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Researching treatment of diabetes-related depression in Sub-Saharan Africa

19 August 2018

The first network dedicated to advancing research into the treatment of diabetes-related depression in Sub-Saharan Africa (SSA), has launched with a ‘fantastic’ workshop in Nairobi.

The Community Intervention Network for Diabetes and Depression (CoIN-DD) links leading African and UK researchers and specialists in diabetes and related mental health issues, with early career researchers in Kenya, Uganda, Ethiopia and Tanzania.

Funded by a £25,000 Global Challenges Research Fund Networking Grant from the Academy of Medical Sciences, it is co-led by The Open University’s Professor Cathy Lloyd and Professor David Ndetei of the African Mental Health Research and Training Foundation. The Open University team includes Maureen Mackintosh, Professor of Economics, Dr Cristina Santos, Lecturer in Economics, and Dr Aravinda Guntupalli, Senior Lecturer in Public Health.

People with diabetes are around three times more likely to experience depressive symptoms, often linked to poor management of the condition and fuelling a vicious cycle of deteriorating health.

In SSA – where the incidence of diabetes is soaring – awareness of co-occurring depression is low and it is very rarely identified or addressed.

At the CoIN-DD launch workshop on 7-8 August 2018, four early career researchers presented the findings of their pilot studies carried out in each country among people with diabetes, family members, community nurses and policymakers.

Over the two days further sessions included developing a webinar series, how to conduct a systematic review of the literature, and engaging with policymakers.

“It was a fantastic event. We have all learned so much about the challenges in SSA countries,” said Professor Lloyd, who chaired the workshop.

She said the event was the start of a process whose ultimate goal is to provide research evidence which can be translated into community healthcare practice specific to conditions on the ground in SSA.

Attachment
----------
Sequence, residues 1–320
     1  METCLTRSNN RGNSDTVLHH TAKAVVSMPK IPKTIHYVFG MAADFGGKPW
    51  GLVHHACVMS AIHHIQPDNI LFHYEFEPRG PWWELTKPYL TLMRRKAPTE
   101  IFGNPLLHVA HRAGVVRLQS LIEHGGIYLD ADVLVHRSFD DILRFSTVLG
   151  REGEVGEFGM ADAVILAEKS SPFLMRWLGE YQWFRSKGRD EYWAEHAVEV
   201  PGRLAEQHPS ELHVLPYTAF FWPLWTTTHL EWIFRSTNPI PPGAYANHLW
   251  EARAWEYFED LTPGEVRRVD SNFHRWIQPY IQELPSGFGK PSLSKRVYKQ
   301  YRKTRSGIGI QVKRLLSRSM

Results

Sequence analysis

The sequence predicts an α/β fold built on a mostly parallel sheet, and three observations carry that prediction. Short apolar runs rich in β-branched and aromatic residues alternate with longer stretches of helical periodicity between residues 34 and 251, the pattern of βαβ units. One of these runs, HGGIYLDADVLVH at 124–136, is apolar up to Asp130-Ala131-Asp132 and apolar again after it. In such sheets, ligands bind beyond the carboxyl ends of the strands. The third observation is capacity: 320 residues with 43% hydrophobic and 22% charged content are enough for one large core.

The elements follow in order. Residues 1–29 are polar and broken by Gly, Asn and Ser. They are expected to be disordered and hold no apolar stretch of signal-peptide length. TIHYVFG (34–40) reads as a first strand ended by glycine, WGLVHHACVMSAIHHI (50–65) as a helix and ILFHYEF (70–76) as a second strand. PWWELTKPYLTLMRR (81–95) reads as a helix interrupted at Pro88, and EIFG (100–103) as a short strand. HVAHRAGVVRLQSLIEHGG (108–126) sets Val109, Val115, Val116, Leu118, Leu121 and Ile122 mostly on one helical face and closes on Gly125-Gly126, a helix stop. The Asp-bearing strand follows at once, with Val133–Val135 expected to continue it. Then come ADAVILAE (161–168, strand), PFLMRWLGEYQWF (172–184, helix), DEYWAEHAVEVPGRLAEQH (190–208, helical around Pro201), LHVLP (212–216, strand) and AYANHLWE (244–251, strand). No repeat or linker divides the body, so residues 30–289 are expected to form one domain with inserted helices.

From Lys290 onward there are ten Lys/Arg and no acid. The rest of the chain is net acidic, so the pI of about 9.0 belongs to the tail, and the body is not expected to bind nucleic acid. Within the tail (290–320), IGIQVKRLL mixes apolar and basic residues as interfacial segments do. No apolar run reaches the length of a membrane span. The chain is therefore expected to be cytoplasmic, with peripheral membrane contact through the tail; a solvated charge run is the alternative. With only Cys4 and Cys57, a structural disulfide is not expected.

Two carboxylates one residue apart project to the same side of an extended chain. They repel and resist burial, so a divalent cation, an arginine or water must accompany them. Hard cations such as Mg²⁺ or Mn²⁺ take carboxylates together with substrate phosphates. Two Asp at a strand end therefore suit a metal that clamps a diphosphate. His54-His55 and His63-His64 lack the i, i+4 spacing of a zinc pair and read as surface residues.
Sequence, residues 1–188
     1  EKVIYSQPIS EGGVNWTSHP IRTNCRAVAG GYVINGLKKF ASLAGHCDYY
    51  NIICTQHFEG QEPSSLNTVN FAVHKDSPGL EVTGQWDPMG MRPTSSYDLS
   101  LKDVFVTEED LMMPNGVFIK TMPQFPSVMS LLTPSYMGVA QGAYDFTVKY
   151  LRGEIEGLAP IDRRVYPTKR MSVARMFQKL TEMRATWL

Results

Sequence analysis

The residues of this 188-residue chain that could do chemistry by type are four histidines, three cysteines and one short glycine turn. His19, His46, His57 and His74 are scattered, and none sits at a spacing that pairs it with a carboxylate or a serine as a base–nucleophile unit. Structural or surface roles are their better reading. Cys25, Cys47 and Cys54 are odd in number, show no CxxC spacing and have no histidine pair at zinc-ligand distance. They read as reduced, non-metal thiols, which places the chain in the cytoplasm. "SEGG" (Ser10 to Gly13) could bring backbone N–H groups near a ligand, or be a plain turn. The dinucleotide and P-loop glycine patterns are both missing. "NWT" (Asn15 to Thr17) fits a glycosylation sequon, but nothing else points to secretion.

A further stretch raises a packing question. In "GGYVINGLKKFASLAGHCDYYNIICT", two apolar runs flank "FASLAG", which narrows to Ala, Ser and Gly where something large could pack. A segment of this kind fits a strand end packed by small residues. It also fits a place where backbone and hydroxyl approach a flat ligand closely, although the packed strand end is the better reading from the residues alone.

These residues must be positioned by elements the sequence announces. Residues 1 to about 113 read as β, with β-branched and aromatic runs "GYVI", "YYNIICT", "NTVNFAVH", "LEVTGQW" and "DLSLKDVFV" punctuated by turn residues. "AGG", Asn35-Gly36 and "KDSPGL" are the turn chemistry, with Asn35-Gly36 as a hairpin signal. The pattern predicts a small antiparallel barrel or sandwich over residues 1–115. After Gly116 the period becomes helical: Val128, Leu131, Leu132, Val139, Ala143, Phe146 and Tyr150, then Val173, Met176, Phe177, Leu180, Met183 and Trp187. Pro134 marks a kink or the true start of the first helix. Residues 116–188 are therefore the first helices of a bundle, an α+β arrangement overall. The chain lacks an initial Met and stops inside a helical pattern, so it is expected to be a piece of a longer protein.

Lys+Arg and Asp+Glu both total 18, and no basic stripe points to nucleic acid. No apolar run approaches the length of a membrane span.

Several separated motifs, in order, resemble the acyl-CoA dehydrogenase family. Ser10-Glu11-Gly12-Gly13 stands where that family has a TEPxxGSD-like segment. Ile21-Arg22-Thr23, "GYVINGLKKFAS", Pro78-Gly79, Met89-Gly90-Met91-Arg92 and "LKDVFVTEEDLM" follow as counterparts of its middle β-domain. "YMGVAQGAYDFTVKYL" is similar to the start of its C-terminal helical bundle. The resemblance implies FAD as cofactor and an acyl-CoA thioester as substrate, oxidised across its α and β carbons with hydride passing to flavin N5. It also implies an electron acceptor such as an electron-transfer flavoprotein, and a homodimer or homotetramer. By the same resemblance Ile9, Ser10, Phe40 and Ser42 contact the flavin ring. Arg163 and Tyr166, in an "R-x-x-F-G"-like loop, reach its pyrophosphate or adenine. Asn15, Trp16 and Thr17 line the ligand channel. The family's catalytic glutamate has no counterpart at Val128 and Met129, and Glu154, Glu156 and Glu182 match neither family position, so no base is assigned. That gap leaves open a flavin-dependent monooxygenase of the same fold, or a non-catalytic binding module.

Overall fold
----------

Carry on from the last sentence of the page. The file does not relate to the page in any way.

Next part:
“We need to be able to demonstrate interventions which are cost-effective and work within existing health provision, rather than increasing costs,” she said. ‘Talking therapies’ and low-level support from nurses and health workers, and support from family and community, can all make a difference.

“We also have to work out how to engage with policymakers – getting the message across to them is really important.

“This network grant is about building up a team, developing and supporting early career researchers and providing evidence to successfully obtain funding for further research to really nail these issues.”

The first workshop provided feedback and training for the early career researchers who will eventually be presenting their research through a series of webinars.

The culminating event will be a workshop in Milton Keynes where a grant proposal for a community-based project to address ways of tackling co-morbid diabetes and depression in SSA will be finalised.

This project will bring together all the stakeholders to develop interventions for diabetes-related depression that can be implemented at local level.

Professor Lloyd also expects to see the network expand. “The way we are working as a network group is so fruitful, I am sure other countries will be interested in joining us in the future.”

Photo by steve wafula on Unsplash

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